Conspiracy is one of the most complex and confusing federal criminal charges. It is also challenging for the federal government to prove because they have to prove not only that a conspiracy existed, but also that you intentionally conspired to commit a crime. By definition, it is an agreement between two or more parties to commit a crime. In most cases, a conspiracy charge requires the government to present evidence of an overt act that a party committed to further their planned crime in order to prove intent.
It Takes Two To Conspire
Usually, conspiracy charges are indicted along with other charges for the underlying crimes that constitute the subject of the conspiracy. The prosecution must charge two or more defendants for a conspiracy charge to stick — otherwise, the conspiracy may be subject to an entrapment defense.
Other defenses to a conspiracy charge include withdrawal from the conspiracy before any overt act takes place, mere presence at the scene of a criminal act, and lack of knowledge of the conspiracy's objectives. However, there is no requirement that a defendant know of every objective of the conspiracy. A showing of willful blindness - taking deliberate actions to avoid confirming suspicions of criminality - is enough for a conviction.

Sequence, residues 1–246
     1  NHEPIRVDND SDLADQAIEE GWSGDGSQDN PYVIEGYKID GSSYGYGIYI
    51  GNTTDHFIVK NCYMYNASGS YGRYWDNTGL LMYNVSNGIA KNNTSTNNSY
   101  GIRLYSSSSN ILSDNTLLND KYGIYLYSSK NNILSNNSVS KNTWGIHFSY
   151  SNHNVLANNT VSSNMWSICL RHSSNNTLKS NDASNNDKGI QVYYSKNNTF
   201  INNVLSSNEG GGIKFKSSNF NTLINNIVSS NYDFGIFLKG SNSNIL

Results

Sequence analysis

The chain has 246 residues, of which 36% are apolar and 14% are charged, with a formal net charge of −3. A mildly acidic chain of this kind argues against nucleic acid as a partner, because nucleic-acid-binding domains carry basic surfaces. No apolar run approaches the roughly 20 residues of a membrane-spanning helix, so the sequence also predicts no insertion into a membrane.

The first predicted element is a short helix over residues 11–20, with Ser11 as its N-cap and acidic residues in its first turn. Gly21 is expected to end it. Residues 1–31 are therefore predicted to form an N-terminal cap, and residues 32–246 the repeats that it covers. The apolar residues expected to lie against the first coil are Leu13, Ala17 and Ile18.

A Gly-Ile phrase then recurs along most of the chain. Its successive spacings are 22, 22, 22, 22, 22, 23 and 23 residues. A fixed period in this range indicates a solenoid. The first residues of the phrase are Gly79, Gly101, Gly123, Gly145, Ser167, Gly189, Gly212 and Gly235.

Conspiracy charges often hinge on a cooperating witness, and the prosecution puts tremendous effort into making their case. But membership in a conspiracy must be proved on the basis of the defendant's own words and actions and not on the basis of mere association or knowledge of wrongdoing.
Creating a strong defense for a federal conspiracy charge requires knowledge of the law and experience in federal criminal cases. Ann Fitz has successfully defended clients against conspiracy charges in the past and can help you with your case. Call us at 561-932-1690 to schedule your initial consultation or you can also use the contact form.
The Importance of Overt Acts
An overt act is any statement or act that is knowingly done by one or more of the conspirators in an effort to accomplish a purpose of the conspiracy; it need not be in violation of the law or be a crime itself. However, proof of an overt act is a necessary element of the crime of Conspiracy under 18 U.S.C. § 371. An overt act done in furtherance of a conspiratorial agreement demonstrates that the conspirators have actually taken a step towards making the agreement a reality. The overt act MUST come after the agreement of the conspirators has been made. Once the overt act occurs, the crime of Conspiracy is considered “complete.”